Why Sunscreen Is Important for Latinas of All Shades
06/21/2011 - 16:00 ||
Happy first day of summer!!!!
So you were lucky enough to be born with beautiful brown skin and you've probably been milking it your whole life: Laughing at your friends who have to pile on the bronzer in the winter and indulging in endless hours of sun exposure without a care in the world. ‘Cause we all know that brown skin doesn't burn, right? WRONG!
"The number one myth is that dark skinned people do not need to use sunscreen," says Houston-based dermatologist, Dr. Marjory G. Nigro—and that couldn't be further from the truth. Not only should women of color regularly use sunscreen, but we run a higher risk of developing melasma, a skin condition associated with the excess production of melanin that causes dark, irregular shaped spots on the face.
So how can you avoid these dark spots? "Research shows that sun is the number one cause of melasma, but since staying out of the sun all of the time is difficult, be sure to use sunscreen on a daily basis, not just when you go to the beach," advises Dr. Nigro.
Women of color also run the same risks of developing skin cancers and melanomas as our fairer-skinned friends, contrary to popular belief. And any type of skin is sure to quickly exhibit signs of aging when overexposed to the sun, so be sure not to skimp on the application! "You need to apply a thick layer of sunscreen to get the full protection on the label. A family of four should use an entire tube (about 150 ML) of sunscreen in one application," says Dr. Nigro.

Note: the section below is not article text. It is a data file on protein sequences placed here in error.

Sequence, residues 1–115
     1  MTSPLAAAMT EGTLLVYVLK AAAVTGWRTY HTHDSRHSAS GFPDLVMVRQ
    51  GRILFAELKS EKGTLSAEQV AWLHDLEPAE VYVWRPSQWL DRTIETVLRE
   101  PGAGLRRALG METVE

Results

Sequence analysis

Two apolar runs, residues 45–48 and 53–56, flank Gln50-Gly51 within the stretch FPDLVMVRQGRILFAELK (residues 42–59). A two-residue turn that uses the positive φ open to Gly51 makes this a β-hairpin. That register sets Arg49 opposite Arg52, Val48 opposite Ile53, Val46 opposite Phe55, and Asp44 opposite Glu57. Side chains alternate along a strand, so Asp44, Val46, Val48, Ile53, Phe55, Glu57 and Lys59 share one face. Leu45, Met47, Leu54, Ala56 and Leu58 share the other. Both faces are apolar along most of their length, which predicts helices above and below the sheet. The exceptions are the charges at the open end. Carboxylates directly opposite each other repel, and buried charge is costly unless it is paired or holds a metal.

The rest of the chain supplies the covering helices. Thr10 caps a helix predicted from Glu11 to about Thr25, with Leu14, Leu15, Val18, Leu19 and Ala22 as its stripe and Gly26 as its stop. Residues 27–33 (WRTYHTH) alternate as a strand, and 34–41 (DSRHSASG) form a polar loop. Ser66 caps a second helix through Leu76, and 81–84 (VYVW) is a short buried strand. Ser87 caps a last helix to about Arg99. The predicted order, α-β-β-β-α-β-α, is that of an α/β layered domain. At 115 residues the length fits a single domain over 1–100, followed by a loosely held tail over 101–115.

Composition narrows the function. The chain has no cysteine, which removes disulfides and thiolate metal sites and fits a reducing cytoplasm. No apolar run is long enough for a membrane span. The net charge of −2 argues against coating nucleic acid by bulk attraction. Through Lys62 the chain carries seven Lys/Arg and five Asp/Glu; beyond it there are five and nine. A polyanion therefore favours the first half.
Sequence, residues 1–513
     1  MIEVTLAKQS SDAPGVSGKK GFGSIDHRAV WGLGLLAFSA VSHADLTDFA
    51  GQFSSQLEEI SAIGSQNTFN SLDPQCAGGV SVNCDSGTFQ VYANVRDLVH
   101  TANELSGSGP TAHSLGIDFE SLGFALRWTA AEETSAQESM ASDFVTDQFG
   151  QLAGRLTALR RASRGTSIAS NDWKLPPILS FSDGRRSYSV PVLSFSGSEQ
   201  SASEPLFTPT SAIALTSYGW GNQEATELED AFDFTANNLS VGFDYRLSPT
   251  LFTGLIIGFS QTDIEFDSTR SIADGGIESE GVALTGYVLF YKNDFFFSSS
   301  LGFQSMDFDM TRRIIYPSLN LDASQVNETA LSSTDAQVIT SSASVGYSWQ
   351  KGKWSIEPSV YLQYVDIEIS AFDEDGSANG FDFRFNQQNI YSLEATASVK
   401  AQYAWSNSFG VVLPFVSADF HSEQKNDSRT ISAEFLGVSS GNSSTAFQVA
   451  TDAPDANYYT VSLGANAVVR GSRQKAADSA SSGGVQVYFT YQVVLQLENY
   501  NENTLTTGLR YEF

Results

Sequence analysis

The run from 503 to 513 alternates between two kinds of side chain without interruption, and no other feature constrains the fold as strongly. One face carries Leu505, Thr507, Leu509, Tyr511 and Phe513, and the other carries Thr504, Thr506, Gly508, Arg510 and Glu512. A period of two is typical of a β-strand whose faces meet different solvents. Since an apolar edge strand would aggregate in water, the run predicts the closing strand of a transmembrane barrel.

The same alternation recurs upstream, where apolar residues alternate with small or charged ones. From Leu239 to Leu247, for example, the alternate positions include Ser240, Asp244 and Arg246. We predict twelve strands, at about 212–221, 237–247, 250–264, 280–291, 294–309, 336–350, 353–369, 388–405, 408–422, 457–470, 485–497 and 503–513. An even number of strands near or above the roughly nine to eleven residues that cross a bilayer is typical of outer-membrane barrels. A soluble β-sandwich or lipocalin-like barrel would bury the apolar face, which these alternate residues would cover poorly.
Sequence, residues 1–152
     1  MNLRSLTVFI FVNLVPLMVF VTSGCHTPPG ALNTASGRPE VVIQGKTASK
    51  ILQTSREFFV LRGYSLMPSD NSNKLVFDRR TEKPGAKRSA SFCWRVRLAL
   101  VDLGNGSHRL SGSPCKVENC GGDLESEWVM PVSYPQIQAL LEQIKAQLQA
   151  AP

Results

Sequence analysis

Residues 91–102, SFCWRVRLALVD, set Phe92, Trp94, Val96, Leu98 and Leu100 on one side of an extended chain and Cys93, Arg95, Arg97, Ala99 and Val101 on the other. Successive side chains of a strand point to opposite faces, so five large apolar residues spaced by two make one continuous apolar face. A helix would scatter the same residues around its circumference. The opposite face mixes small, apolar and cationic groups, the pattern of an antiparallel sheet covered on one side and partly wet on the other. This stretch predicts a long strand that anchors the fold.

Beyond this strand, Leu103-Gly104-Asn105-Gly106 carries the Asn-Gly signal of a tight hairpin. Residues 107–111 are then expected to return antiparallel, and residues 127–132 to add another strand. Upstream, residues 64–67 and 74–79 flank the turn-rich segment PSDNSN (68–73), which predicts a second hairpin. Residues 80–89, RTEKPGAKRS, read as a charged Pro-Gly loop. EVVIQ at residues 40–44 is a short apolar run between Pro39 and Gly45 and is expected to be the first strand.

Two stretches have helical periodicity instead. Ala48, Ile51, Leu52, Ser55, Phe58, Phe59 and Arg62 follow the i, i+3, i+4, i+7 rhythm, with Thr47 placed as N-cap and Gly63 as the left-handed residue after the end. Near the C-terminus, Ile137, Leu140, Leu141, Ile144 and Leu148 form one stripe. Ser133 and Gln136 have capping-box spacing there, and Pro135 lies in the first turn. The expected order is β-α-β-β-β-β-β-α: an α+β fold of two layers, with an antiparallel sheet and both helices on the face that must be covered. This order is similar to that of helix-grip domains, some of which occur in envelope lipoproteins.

The FDA recently updated their regulations concerning sunscreen so it's important to keep yourself up-to-date on all the latest info. Now, only suncreens that protect from both UVA and UVB rays can be labeled "broad spectrum," and they have to have to have an SPF higher than 15 in order to claim that they reduce the risk of skin cancer and early skin aging when used as directed. The FDA also capped the SPF value on sunscreen labels at "50 +" since there is no scientific data SPF values any higher provide more protection and has made the testing for suncreens claiming to "waterproof" and "sweatproof" more rigorous.
But sunscreen isn’t the only way to make sure you protect your skin this summer, and year-round, from the sun's harmful rays. From skin creams to makeup to cute sun hats and stunner shades, there are plenty of ways to keep yourself under cover. Check out our slideshow to see our favorite summer skin savers for every Latina!